Decra led self adhesive strips were great for this faux stained glass door panel
but what to do with the left overs?
I jave been upcycling glass bottles and jars aplenty. in this case a simple coffee jar with a good seal in the lid
looks great with the panels painted with left over glass paint but not for food containers as it warps ones expectations of the contents. Blue sugar anyone? Painted glass best for Epsom salts or potpourri storage.
particularly good for up cycling (white) wine bottles to hold our home made vinegars, sorry I gave them away before I remembered to photograph them.
so to use up the rest of the packs I am off to the charity shop tomorrow to titivate a couple of vases.
Next step on the jeans up cycling project …. A tug toy for a friend’s new puppy.
Inspired by pinterest, I drew a bone shaped paper template and then cut matching pieces of old jeans leg with the seams at artistic(!) angles on each side then free motion embroidered the name before seaming, turning and stuffing. (Stuffed with trimmings from an ongoing sewing project)
The weak point might be my hand sewn closing of the seam but let’s see.
A quick, easy project that my dog approved before posting. So I did him his own version.
Take one pair of jeans and too many hours on Pinterest and let us see what we can make….
so far the bottom of the legs have been chopped off and made into two simple storage pots.
I boxed the bottoms (the tops really to preserve the hems) and lined with some dotty fabric and some wadding. One leg had a longer lining piece to create a bigger contrast cuff
These will be used to store ready readers and sunglasses.
If I made them again and had enough firm form interface I would use that to make the sides more rigid but these will do the soft storage job
Now back to Pinterest to see what else to try … I have ppreviously made a garden apron/belt, some oven gloves and mitts -see earlier posts- so want to expand my jeans recycling repertoire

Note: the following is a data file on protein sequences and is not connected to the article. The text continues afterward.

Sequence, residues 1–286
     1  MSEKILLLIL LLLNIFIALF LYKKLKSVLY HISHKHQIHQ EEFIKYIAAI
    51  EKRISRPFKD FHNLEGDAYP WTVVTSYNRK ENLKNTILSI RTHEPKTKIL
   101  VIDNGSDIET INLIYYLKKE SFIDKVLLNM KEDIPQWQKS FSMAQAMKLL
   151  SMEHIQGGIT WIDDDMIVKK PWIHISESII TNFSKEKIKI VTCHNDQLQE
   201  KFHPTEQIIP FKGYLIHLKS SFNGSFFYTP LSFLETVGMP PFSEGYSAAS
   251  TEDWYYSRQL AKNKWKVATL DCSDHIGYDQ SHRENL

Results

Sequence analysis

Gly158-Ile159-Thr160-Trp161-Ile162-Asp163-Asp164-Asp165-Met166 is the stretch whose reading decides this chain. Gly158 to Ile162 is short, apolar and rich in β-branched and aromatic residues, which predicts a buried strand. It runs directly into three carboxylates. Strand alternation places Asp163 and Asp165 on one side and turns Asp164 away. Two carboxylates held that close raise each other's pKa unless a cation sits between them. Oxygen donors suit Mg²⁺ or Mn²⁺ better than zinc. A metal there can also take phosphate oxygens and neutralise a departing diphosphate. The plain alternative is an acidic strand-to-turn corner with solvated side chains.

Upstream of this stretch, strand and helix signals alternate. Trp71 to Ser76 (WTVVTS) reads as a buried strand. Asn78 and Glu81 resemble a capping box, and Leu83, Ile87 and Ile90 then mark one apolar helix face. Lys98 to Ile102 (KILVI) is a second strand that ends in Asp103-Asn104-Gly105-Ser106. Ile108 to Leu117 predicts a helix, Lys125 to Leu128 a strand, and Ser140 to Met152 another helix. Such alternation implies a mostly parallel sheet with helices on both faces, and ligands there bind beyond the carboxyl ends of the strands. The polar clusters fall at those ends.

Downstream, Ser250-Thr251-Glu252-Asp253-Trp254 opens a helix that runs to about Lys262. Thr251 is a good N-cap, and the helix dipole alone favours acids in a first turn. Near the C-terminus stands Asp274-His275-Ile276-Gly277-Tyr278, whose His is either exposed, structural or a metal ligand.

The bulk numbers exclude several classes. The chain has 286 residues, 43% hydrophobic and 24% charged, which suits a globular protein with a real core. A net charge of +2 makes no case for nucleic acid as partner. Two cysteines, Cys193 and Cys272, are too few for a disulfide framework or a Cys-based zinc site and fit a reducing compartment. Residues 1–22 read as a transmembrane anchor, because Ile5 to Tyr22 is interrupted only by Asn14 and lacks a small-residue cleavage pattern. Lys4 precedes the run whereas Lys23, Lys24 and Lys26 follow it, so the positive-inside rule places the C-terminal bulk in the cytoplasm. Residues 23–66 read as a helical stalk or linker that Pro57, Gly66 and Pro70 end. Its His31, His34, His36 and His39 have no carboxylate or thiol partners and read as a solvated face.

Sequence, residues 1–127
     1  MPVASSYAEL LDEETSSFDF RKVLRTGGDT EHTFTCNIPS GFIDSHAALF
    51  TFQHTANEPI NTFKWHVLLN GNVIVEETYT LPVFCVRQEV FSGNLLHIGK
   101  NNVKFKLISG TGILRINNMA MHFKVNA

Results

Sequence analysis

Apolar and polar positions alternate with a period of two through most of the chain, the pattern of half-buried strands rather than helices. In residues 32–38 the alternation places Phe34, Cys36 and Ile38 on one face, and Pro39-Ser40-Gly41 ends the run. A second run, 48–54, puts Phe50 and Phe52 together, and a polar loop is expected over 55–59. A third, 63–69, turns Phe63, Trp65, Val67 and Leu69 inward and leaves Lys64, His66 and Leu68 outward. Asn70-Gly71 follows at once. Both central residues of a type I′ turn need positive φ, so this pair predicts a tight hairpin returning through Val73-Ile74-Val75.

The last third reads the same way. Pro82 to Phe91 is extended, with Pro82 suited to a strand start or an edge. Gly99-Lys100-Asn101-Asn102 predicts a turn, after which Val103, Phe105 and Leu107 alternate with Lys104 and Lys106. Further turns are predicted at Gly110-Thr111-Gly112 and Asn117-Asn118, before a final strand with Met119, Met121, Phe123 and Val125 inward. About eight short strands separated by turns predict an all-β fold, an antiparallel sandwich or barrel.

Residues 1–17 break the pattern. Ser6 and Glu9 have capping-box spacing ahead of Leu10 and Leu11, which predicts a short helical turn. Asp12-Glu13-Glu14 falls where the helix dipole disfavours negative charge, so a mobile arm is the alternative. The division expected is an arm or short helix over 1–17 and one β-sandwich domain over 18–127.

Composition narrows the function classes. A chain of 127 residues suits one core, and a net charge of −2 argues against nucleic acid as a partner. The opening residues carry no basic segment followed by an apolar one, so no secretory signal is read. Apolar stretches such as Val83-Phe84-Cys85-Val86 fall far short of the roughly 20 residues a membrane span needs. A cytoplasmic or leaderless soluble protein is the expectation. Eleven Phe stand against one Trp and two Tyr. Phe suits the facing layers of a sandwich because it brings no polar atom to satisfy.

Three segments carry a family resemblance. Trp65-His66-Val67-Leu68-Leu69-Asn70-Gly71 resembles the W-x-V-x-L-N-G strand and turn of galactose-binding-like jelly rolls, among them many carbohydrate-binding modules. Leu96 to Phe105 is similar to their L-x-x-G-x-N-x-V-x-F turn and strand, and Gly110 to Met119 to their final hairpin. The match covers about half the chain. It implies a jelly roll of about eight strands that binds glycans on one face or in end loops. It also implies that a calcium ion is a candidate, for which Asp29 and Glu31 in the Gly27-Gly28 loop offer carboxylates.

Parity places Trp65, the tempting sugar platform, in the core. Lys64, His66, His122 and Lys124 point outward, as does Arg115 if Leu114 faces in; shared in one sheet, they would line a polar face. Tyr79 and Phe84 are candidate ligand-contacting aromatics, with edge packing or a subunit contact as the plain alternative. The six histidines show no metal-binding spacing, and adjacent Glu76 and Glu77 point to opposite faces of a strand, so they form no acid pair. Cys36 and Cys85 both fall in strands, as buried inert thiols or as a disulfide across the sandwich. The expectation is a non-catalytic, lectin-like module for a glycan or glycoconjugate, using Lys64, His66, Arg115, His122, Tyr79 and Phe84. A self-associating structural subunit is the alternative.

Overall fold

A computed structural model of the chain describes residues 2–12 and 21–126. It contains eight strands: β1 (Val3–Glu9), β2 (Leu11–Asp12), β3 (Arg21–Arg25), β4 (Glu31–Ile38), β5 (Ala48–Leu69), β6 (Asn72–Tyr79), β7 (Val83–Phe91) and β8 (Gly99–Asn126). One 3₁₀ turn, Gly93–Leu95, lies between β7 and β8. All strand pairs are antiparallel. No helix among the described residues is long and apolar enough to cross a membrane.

I wanted to present some of my mountain of hand made cards so I made gift bags using a roll of wallpaper (I buy 50p remnant rolls of the more ornate papers when I see them). This is sturdier and more pliable than paper or card.
method: cut a rectangle of paper about 34cm wide by 20 high ie just bigger than A4, this will hold 8 ish A6 cards and envelopes
fold about 3 cm down and towards you to make a cuff with the reverse of the paper showing, then score down over the cuff at 3 cm, 16 cm, 19 cm, 32 cm – all the way to the bottom
then fold under about all the way across about 3 cm from the bottom to make your base
cut up the score lines from the bottom to that last across score line to make the bottom flaps and cut out the tiny rectangle bottom right
fold the score lines to form the bag shape
stick double sided tape on the right hand down strip and bottom flaps to fix bag
punch matching pairs of holes in the cuff front and back, I used an office hole punch which fit inside the bag neatly. Thread ribbon or cord through the holes and tie knots inside the bag to fasten
if needed cut a piece of card to fit inside the bottom to reinforce the base, wallpaper seems strong enough for a light package though
You can pinch the side panels to give the impression of a side gusset and embellish or label as well..
Want to display some photographs or cards but don’t have any frames spare? Head for the recycling box and use old cardboard for a quick fix.
I covered my card with pretty paper before cutting. I used my scan n cut to get a neat shape but scissors would work.
I then creased the shape against a ruler to get the fold
adapt for your photos but aim For a width much wider than the photo so, once the support is creased, the photo can lean backwards rather than be too upright
Scraps of card were cut into label shapes with the scan n cut then decorated with die cuts from the enormous , seemingly endless, Natures Gallery Docrafts bundle. I stamped ‘to’ and ‘from’ and tied twine in place then made a mini folder pocket to hold them in.
I then got in the mood with old Christmas cards cut the same way and a shaker card version too. This required a bit of organization to put the same weight of card through the scan n cut at the same pass but really effective.
We couldn’t find a lampshade to replace the tatty one so simply splashed the remains of a glittery fabric paint over the old shade.
the instructions said to spray lightly but in an all or nothing attempt to cover marks I soaked the shade by emptying the contents over it and rubbed the solution around with a plastic spoon
a long drying time later I am really happy with the results and have resisted the temptation to embellish more